In Catholic thought, these mandates are encapsulated by a principle termed “the universal destination of goods,” which is deemed “primordial” in the church’s Catechism. Leo XIII established the modern template for Catholic teaching from this principle in Rerum Novarum. Although seemingly a bold departure from the dominant laissez-faire ethos of the period, the interventionist thrust of Rerum Novarum was in fact deeply rooted in Catholic thought. The 16th-century Jesuit philosopher Francisco Suárez argued plainly, for example, that “the object of civil legislation is the natural welfare of the community and of its individual members, in order that they may live in peace and justice, with a sufficiency of those goods that are necessary for physical conservation and comfort, and with those moral conditions which are required for private well-being and public prosperity.”
While Leo vigorously condemned political liberalism for its philosophical individualism and its vesting of sovereignty in the people or its representatives rather than God, it is important to understand how Catholic thought in this period, as noted earlier, became increasingly concerned with economic liberalism (more consistently so than today’s “communitarian” critics of liberalism). As Ryan’s work illustrates, in the wake of Rerum Novarum, with its defense of “isolated and helpless” workers against the “hardheartedness of employers and the greed of unchecked competition,” the dangers of economic liberalism, anchored in the unencumbered reign of “freedom of contract,” became much more pronounced in Catholic teaching.
On the path opened up by Ryan’s ethical works, the decisive turning point for Catholic progressivism in the United States came in 1919, with the release of the Bishops’ Program for Social Reconstruction, written by Ryan himself. Here, the “American Catholic search for social justice” truly began, writes McShane, growing out of earlier institutional efforts to mobilize support behind the U.S. entry into World War I.
The National Catholic War Council had been formed in 1917, and when the Council received accreditation as an official government war agency in 1918, many Catholics began to see the importance of having a national organization to represent their views in the corridors of power. There was a growing sense that Catholic teaching was convergent with American ideals, and, even as President Wilson signed the armistice ending the war, conversations had begun about how to continue the work of the war council in another form.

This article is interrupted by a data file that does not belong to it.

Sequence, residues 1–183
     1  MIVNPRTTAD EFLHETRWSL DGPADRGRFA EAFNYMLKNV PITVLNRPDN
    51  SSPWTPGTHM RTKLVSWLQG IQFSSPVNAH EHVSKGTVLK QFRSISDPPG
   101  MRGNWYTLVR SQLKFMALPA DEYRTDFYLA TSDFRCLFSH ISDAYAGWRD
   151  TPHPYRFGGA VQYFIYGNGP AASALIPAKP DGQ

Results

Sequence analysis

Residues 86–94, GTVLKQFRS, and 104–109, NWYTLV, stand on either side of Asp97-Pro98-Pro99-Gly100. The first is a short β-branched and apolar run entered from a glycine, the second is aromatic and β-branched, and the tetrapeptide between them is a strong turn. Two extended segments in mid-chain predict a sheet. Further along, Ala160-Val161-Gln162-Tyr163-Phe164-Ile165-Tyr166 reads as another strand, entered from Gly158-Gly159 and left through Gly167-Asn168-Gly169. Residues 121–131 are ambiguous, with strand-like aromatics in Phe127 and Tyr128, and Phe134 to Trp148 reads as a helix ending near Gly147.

The Bishops’ Program for Social Reconstruction was released on Abraham Lincoln’s birthday, February 12, 1919. As McShane stresses, this connection was meant to align the new age of social reconstruction with the spirit of the great emancipator. The program contained a set of immediate reforms, including the establishment of a legal minimum wage, public housing for workers, labor participation in industrial management, and social insurance for illness, disability, unemployment, and old age, funded by a levy on industry. It also contained a set of “fundamental” reforms for the future, including worker ownership of capital, universal living wages, and abolition and control of monopolies. Citing Leo XIII’s view that “society can be healed in no other way than by a return to Christian life and Christian institutions,” the Program ended with a strong admonition to the "capitalist":
He needs to learn the long-forgotten truth that wealth is stewardship, that profit-making is not the basic justification of business enterprise, and that there are such things as fair profits, fair interest and fair prices. Above and before all, he must cultivate and strengthen within his mind the truth which many of his class have begun to grasp for the first time during the present war; namely, that the laborer is a human being, not merely an instrument of production; and that the laborer’s right to a decent livelihood is the first moral charge upon industry. The employer has a right to get a reasonable living out of his business, but he has no right to interest on his investment until his employees have obtained at least living wages. This is the human and Christian, in contrast to the purely commercial and pagan, ethics of industry.
As McShane notes, conservative bishops did not publicly voice their dissent when the program was released; it seemed like a foregone conclusion that Catholic progressives had captured the church and “charted a new course for her.” The program (and its widespread promotion) was the most important official act of the American Church in its history to that point, and in the years to come it would remain a major touchstone both in the development of social policy and in the rebirth of Catholic loyalty to the Democratic Party in the pivotal years of 1928–1936.
As author of the Bishops’ Program, Ryan recounted his “great comfort” when, on May 15, 1931, he listened to a radio transmission of Pope Pius XI’s encyclical Quadragesimo Anno in the offices of The New York Times. His long effort to integrate Leonine natural-law teaching with concrete social policy had been “vindicated,” as one colleague put it. That summer he published a commentary on Quadragesimo Anno in the American Ecclesiastical Review, highlighting its important contributions. Among the most important was the idea that the distribution of income and wealth “must be brought into conformity with the demands of the common good and social justice”; that the worker has a right to a wage of “ample sufficiency” for himself and his family (what was called a “family wage” in social policy of the 1920s, something widely debated in Europe); and that the worker has a right to accumulate a “modest fortune” by sharing ownership of capital with employers.